Thursday, October 29, 2009

If you haven’t heard from me for a while, it’s because my wife Donna and I just took a sentimental journey to Cincinnati to visit some dear friends who moved there a couple of years ago. With our busy schedule, who knows if we’ll ever be seeing them again.
On the drive back, after spending a day with Donna’s father in Virginia, we realized how long it had been since we took a “vacation vacation.” With Donna’s 92-year-old dad in Virginia, a son and grandson in California, and a daughter in North Carolina, we devote all our vacation time to visiting family, and our only one-on-one time is en route.
So we decided to treat ourselves to a lunch of Maryland crab cakes in a restaurant we’ve stopped at before, in Crisfield, and then the night at an interesting looking bed & breakfast in a town called Princess Anne. Donna had found a “Booklovers’ Bed & Breakfast” with a long list of positive reviews on the Internet, and we thought we’d give it a try.
Well, our familiar old crab-cakes restaurant in Crisfield was no longer there, which was a blow. We have recently lost several favorite restaurants back home in Connecticut and come to believe that the god of restaurants must be mad at us. It was in a cautious mood that we proceeded to our bed & breakfast.
What we discovered, was a creatively decorated 1880’s house with rooms named after writers and appointed to reflect each one’s personality. Ours was the Langston Hughes room, with dramatic photographs of old New York and Harlem on the walls and books by and about Hughes on the bureau. There was even an old typewriter on the desk with a half-finished poem in the roller.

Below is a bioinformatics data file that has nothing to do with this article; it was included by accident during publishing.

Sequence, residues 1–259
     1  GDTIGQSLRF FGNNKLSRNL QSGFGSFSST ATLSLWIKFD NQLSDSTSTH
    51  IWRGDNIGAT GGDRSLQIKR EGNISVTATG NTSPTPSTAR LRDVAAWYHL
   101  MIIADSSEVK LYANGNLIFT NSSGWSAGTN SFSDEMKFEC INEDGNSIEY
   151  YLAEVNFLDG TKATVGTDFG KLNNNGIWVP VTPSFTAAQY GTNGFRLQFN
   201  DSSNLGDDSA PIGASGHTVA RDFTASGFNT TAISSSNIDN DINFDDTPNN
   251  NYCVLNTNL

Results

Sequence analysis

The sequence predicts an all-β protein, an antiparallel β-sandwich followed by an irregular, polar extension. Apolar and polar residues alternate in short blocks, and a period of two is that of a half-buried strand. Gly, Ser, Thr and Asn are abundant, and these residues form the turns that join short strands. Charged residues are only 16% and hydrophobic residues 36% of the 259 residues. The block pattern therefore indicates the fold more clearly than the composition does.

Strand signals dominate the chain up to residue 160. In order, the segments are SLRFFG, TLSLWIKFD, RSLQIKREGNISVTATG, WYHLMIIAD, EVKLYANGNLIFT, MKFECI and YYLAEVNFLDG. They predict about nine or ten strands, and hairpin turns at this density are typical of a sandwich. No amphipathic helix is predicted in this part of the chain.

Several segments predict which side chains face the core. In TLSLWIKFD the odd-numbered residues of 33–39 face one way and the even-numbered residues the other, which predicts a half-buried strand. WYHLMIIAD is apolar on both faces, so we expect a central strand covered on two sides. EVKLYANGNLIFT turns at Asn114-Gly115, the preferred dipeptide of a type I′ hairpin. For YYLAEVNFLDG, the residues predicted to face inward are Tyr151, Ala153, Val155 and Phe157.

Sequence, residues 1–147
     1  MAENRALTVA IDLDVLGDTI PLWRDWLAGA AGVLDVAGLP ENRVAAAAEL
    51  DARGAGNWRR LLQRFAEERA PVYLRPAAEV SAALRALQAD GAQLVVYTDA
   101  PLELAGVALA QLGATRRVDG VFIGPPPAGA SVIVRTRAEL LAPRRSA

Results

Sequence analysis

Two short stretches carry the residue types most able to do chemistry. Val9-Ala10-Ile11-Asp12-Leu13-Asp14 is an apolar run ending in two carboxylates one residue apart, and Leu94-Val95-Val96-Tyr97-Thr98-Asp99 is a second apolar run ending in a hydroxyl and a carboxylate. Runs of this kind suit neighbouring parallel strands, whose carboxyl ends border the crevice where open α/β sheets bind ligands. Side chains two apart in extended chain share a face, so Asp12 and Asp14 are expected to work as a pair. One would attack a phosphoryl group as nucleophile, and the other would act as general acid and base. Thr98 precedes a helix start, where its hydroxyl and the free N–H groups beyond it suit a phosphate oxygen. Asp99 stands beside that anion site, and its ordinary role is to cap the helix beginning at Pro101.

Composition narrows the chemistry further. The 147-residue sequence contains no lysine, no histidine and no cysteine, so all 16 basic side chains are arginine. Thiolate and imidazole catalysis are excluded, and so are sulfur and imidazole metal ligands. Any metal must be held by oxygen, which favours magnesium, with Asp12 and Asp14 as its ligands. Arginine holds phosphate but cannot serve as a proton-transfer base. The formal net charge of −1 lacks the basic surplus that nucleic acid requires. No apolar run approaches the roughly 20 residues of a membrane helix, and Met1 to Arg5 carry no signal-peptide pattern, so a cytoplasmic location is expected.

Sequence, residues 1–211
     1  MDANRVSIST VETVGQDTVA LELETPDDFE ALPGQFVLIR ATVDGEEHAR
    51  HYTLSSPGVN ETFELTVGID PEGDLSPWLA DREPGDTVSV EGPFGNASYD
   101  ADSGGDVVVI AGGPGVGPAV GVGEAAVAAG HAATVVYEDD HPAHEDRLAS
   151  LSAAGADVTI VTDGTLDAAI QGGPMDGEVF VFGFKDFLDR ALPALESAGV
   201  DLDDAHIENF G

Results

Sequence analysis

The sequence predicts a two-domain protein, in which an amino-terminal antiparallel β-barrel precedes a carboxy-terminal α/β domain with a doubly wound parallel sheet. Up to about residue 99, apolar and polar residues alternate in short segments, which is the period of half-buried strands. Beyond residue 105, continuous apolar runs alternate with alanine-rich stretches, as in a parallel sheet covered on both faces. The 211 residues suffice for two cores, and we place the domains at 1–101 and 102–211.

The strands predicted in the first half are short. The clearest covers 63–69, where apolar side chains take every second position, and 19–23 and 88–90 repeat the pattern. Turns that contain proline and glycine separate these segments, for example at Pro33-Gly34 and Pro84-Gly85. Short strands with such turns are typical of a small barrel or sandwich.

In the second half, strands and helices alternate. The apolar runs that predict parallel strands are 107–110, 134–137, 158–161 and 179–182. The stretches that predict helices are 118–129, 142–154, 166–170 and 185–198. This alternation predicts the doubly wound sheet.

Hosting us was Elizabeth, the owner, a charming lady, who urged us to take off our shoes, then showed us around the house, including the Robert Louis Stevenson room, the Jane Austen room, the Mark Twain Library and Parlor, and French Café Colette, where afternoon tea and breakfast would be served. There is also, we were told, a cat named Dr. Hobbs who would, “upon request,” come and greet us.
Elizabeth is a warm and charming retired journalist, who has recently written both a novel and a play, and who does not actually live in the house. She does, however, spend a lot of time there, and there are bells that will summon her immediately. As it happened, we were the only guests that night, due to cancellations, and had the whole place to ourselves. An author named James McBride was scheduled to be there the following night and speaking at the library.
We enjoyed the afternoon tea with freshly made brownies and read in the Mark Twain library, well stocked with good books. Elizabeth had urged us to read any of them, except for the leather-bound set of Shakespeare on the top shelf, since the bindings were coming apart. I had to fight an urge to carefully take one of the Shakespeares down and examine it. We had a good seafood dinner at a local restaurant and returned to find brandy and sherry set out for us in the Café Colette.
The following morning Elizabeth served us the breakfast we had ordered the afternoon before. Donna had crepes stuffed with peaches and I a spinach-and-mushroom omelet. When we ordered, I had forgotten to ask our hostess if she could serve some sour cream with my omelet. I always have sour cream with my omelet and the prospect of an omelet without it was like sleeping without a pillow. But, lo and behold, there was a generous pile of sour cream on my omelet anyway. It seems that Elizabeth had Googled me, learned that I was Polish, and decided – on the basis of two former Polish boyfriends – that Poles ate sour cream on everything. (That’s only a very slight exaggeration.)
During breakfast, Donna, a cat lover, asked when we might meet Dr. Hobbs. Without a word, Elizabeth returned to the kitchen, we heard some whispered urgings through the closed door, and she reappeared to hold open the door. In a moment, a black-and-white cat came into the room, walked up to Donna, allowed himself to be petted, and, having performed his duty, marched right back into the kitchen.